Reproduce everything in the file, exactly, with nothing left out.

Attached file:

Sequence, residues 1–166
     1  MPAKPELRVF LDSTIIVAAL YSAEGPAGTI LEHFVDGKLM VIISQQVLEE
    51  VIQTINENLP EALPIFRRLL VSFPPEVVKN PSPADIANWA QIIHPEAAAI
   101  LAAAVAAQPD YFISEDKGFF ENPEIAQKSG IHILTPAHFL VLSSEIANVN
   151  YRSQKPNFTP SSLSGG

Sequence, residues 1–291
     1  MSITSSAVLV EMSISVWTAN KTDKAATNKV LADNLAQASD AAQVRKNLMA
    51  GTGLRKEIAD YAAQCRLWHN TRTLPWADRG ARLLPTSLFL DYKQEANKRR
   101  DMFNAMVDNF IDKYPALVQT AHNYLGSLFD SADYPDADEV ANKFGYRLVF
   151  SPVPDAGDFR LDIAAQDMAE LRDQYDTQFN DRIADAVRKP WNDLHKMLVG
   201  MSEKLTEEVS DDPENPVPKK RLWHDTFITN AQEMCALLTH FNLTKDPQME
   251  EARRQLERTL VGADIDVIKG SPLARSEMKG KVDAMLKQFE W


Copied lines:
Sequence, residues 1–166
     1  MPAKPELRVF LDSTIIVAAL YSAEGPAGTI LEHFVDGKLM VIISQQVLEE
    51  VIQTINENLP EALPIFRRLL VSFPPEVVKN PSPADIANWA QIIHPEAAAI
   101  LAAAVAAQPD YFISEDKGFF ENPEIAQKSG IHILTPAHFL VLSSEIANVN
   151  YRSQKPNFTP SSLSGG

Sequence, residues 1–291
     1  MSITSSAVLV EMSISVWTAN KTDKAATNKV LADNLAQASD AAQVRKNLMA
    51  GTGLRKEIAD YAAQCRLWHN TRTLPWADRG ARLLPTSLFL DYKQEANKRR
   101  DMFNAMVDNF IDKYPALVQT AHNYLGSLFD SADYPDADEV ANKFGYRLVF
   151  SPVPDAGDFR LDIAAQDMAE LRDQYDTQFN DRIADAVRKP WNDLHKMLVG
   201  MSEKLTEEVS DDPENPVPKK RLWHDTFITN AQEMCALLTH FNLTKDPQME
   251  EARRQLERTL VGADIDVIKG SPLARSEMKG KVDAMLKQFE W